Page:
I’ve found several places where I needed to be able to update my kernels but for one reason or another can’t update the kernel that gets booted initially. A couple of these situations were:
- Running Custom or Updated Kernels on DigitalOcean (this is one of their biggest failings IMHO)
- Allowing updating of kernels on embedded linux devices that require their kernel flashed into NVRAM.
- Running an embedded system that used an active/backup partition scheme for updating.
In all cases the process was pretty much the same, though there were some custom changes to the preliminary init system depending on what I needed to get done, especially with the last one which I may cover in a different article.
In all cases these were done on a Red Hat based distribution like CentOS, Scientific Linux, RHEL, or even Fedora. For those users of Debian based systems you’ll need to adjust the scripts too your system though I can’t imagine anything other than the package names changing.
This assumes you already have the kernel and initramfs you want to boot
installed on your local filesystem at
A quick background on how this works, when the linux kernel is compiled an init
program is configured to be the first thing triggered, by default and in most
situations this will be the executable
/sbin/init. This init process is then
responsible for starting the rest of the daemons and processes that make up the
systems we regularly interact with.
There are tools that allow you too effectively execute another kernel to run in place of the kernel that is already running. There are some catches though as the new kernel won’t always re-initialize all devices (since they’ve already been initialized) and that can lead too some weird behaviors with processes that already have hooks on those devices.
Too prevent any issues you need to load the new kernel as early in the boot process as possible. Doing this in the init program is pretty much as early as you can get and makes for a pretty stable system (I’ve yet to experience any issues with machines running this way).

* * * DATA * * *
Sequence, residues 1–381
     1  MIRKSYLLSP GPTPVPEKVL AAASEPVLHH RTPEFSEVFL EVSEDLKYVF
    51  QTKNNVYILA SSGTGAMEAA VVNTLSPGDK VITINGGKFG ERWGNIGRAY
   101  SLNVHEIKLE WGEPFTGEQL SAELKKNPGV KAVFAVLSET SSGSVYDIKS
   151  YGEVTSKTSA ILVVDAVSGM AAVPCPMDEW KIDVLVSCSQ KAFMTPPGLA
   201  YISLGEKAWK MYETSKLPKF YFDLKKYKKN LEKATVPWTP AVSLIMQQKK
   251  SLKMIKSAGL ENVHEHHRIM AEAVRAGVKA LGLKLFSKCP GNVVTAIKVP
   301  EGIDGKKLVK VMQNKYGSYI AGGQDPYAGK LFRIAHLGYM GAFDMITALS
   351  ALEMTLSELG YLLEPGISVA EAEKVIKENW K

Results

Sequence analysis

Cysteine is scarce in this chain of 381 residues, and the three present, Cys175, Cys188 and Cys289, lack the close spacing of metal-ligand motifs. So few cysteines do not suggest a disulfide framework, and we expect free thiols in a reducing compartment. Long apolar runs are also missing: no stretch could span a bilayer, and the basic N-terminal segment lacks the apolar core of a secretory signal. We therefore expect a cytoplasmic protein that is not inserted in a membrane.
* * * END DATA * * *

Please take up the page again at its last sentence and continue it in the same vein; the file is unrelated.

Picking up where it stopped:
There are several different init systems and they all behave a little differently, as far as I know only systemd supports a means of automatically executing a different kernel but I am personally not a systemd fan and it would be too late in the boot process already for me too trust the chain load. You can reliably chain load kernels regardless of what your normal init system is though very easily and that’s what I’m going to cover here.
You’ll need to have the kexec tools installed on your system. This is pretty straight-forward:
yum install kexec-tools -y
Next we’re going to shift the standard init process off to the side, someplace still accessible so we can call it later (this will need to be done as root).
mv /sbin/init /sbin/init.original
Now we need to create our own init script that will handle detecting if it’s the new or old kernel, replacing the kernel if it is indeed an old one, and starting up the normal init process if it’s the new kernel.
Now there is a very important catch here, whatever process starts up first is given PID 1 which is very important in kernel land. Whatever process is PID 1 will inherit all zombie processes on the system and will need to handle them. Since our shell script is the first thing started up it will get PID 1 for both the old and new kernel and getting the process handling code correct is not a trivial issue.
What we really need is to hand over PID 1 to the init process so it can do it’s
job normally as if the shell script never existed. There is a native function
to do exactly this in these shell scripts:
Our simple shell script to do the chain load looks like this:
#!/bin/bash # Detect if this is the old kernel (not booted with the otherwise meaningless # 'kexeced' parameter. if [ $(grep -q ' kexeced$' /proc/cmdline) ]; then kexec --load /boot/vmlinuz-custom --initrd=/boot/initramfs.img \ --reuse-cmdline --append=' kexeced' kexec --exec fi # If we made it this far we're running on the new kernel, trigger the original # init binary with all the options passed too this as well as having it take # over this process's PID. exec /sbin/init.original "$@"
After rebooting you should be in your new kernel which you can verify with
uname -a and also by examining the
/proc/cmdline file for the existence of
If you modify the script above, be very careful as any execution error will cause your system to die and recovery will only be possible by mounting the filesystem on another linux system and fixing it.
In a future article I’ll cover how to use this trick to build an active / backup system allowing you to fall back to a known good system when booting fails which is incredibly useful for embedded devices in the field that need updates but are not easy to get too or replace when an update bricks the system.